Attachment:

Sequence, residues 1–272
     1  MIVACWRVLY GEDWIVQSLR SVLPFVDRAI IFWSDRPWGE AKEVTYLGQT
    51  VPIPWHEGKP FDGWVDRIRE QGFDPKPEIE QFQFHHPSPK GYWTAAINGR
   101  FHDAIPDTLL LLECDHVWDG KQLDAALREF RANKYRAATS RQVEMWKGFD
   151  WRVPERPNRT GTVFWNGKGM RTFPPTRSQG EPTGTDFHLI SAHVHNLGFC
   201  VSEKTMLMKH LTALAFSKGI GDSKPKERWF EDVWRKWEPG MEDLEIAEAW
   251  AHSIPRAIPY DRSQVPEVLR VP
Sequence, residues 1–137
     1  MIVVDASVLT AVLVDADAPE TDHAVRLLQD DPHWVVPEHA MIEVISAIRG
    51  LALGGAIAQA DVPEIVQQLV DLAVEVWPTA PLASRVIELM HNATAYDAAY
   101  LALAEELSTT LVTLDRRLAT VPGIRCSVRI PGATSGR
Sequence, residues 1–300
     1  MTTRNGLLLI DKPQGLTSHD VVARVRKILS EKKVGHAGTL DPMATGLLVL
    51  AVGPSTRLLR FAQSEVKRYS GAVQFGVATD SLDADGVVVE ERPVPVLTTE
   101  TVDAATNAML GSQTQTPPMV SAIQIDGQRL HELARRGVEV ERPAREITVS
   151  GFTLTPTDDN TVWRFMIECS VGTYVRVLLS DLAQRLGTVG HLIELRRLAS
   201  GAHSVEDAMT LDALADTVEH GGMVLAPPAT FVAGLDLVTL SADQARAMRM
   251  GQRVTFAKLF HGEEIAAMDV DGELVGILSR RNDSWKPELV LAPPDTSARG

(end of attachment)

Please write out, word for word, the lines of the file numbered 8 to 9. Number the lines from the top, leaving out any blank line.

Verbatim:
Sequence, residues 1–137
     1  MIVVDASVLT AVLVDADAPE TDHAVRLLQD DPHWVVPEHA MIEVISAIRG